U.S. Secretary of State Hillary Clinton said the success or failure of talks next week on Iran’s nuclear program is “largely in the hands of the Iranians.”
Speaking directly to Foreign Minister Manouchehr Mottaki and other Iranian delegates yesterday at a conference in Bahrain, Clinton said the U.S. hopes Iran comes to the Dec. 6 meeting in Geneva “as we will -- in good faith and prepared to engage constructively” on nuclear issues.
“We very much hope the negotiations in Geneva over the nuclear program will lead to breakthroughs,” Clinton said in a wide-ranging speech at a meeting on Persian Gulf security hosted by Bahrain’s International Institute for Strategic Studies. At the same time, she said America’s willingness to talk comes with “an ironclad commitment to defending global security and the world’s interests in a peaceful and prosperous Gulf region.”
Iran is scheduled to meet Dec. 6 with the so-called P5 plus 1, a group that includes the United Nations Security Council’s five permanent members -- the U.S., China, Russia, U.K. and France -- plus Germany. It will be the first time they’ve met since October 2009.
Emile Hokayem, senior fellow for regional security at the Institute for Strategic Studies, noted that Mottaki didn’t look at Clinton while she spoke and didn’t clap at the end of her speech. Still, Hokayem said it was a good sign that Mottaki didn’t leave the room.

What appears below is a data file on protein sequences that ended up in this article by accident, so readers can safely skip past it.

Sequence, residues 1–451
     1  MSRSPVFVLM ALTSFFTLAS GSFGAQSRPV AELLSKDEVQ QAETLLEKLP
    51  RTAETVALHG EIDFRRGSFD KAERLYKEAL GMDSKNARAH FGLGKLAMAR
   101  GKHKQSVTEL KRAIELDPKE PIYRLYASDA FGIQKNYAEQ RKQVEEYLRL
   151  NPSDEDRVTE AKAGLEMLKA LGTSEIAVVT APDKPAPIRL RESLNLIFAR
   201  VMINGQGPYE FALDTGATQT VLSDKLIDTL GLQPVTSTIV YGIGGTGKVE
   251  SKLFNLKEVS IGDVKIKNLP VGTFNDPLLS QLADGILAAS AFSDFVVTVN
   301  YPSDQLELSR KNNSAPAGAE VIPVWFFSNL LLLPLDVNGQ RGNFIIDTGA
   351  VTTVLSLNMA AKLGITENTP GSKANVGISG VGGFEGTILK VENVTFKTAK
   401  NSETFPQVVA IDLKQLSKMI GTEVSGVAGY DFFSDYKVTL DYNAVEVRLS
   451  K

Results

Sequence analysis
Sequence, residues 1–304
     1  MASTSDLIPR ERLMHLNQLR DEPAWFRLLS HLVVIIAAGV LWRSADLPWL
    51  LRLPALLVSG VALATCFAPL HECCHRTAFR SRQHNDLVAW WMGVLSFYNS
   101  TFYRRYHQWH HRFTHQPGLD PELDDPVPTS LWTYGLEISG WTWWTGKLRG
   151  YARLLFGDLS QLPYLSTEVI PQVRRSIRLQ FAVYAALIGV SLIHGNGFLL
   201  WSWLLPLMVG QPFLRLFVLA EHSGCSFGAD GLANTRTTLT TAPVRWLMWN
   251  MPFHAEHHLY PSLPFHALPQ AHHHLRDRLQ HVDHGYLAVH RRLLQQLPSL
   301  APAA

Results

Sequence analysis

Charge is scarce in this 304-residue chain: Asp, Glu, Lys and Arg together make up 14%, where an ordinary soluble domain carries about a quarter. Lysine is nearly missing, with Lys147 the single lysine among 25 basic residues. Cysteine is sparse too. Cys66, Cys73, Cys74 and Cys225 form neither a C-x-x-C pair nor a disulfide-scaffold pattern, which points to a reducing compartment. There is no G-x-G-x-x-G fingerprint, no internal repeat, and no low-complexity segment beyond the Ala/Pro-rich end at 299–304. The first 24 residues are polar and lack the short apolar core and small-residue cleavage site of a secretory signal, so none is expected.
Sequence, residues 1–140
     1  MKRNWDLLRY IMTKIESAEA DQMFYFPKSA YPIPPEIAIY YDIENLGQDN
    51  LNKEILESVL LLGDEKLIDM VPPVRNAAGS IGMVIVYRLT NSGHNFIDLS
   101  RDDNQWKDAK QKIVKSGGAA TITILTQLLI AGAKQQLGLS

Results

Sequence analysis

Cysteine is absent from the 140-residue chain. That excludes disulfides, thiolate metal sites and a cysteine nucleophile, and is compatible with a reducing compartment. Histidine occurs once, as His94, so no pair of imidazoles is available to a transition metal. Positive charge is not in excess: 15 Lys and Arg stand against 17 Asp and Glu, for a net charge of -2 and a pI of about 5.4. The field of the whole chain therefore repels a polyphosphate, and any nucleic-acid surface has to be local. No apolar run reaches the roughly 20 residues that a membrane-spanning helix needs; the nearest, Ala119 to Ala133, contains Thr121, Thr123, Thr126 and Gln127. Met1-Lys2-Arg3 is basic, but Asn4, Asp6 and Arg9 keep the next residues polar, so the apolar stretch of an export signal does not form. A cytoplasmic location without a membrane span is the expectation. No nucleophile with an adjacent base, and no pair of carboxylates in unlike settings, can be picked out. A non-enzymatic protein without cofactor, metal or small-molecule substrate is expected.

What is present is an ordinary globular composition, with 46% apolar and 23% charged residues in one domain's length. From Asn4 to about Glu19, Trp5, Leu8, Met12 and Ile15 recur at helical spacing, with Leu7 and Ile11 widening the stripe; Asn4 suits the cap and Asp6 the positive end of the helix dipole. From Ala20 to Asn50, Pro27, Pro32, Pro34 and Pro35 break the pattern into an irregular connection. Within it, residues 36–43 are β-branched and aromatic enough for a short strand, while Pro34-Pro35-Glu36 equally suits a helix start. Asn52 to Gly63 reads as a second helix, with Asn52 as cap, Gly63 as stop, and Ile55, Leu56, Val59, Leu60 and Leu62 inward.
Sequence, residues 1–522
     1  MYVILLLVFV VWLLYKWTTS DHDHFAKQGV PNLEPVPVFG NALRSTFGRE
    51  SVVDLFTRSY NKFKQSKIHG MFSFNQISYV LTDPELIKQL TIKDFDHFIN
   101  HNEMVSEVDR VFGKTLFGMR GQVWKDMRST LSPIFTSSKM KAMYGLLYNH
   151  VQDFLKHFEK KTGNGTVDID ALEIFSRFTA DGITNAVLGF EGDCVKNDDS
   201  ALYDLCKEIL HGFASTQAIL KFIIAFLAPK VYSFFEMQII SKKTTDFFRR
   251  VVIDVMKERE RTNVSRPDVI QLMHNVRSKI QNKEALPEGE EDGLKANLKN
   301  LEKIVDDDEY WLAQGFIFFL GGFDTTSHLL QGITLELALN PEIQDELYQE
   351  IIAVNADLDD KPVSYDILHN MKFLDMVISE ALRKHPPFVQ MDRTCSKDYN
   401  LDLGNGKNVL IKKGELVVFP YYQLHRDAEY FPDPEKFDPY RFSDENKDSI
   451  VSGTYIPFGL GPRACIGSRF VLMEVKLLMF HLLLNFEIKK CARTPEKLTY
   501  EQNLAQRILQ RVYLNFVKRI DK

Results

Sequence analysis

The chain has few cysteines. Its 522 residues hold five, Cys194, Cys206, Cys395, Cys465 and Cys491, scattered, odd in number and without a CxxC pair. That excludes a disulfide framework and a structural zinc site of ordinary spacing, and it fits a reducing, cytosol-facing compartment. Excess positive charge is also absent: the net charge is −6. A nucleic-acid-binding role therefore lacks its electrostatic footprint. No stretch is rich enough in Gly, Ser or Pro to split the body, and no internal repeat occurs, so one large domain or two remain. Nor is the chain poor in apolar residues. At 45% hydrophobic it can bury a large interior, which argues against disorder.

“There was an open hand there,” he said. “I’m not sure what was there that would make the secretary more confident than a year ago that a nuclear deal is possible.”
Middle East Priority
In her speech, Clinton said the U.S. won’t remain in Iraq, asked Gulf nations to support Yemen’s battle against militants and urged them to work together more actively. The talk reflected the priority that she and President Barack Obama have placed on the Middle East.
Obama reached out to the Muslim world early in his first term to repair relations strained in the Iraq war. On his second day in office, he appointed a special envoy to work on Middle East peace. The administration has worked to bolster international support to sanction Iran for its nuclear activities.
Clinton said the U.S. will treat Iraq as an equal after the U.S. pulls out its troops at the end of 2011. Without naming Iraq’s neighbor, Iran, she said other nations must do the same.
“No country should pursue its own interests in Iraq at the expense of Iraq’s unity and sovereignty,” Clinton said. “And no country should threaten or intimidate or coerce Iraq or political stakeholders in Iraq.”
Clinton also stressed U.S. support for “a sovereign, independent, and stable Lebanon,” where Hezbollah, the militant group funded by Iran, competes for political power.
Clinton said security partnerships can help Gulf nations cope with “the threat of states that pursue destabilizing actions against their neighbors.”
Citing freedom of navigation as a security priority, Clinton called on Iran to cooperate with the Gulf and the U.S. to combat piracy. “All countries, including Iran, must do their part to cooperate in the common defense of the waterways,” she said.
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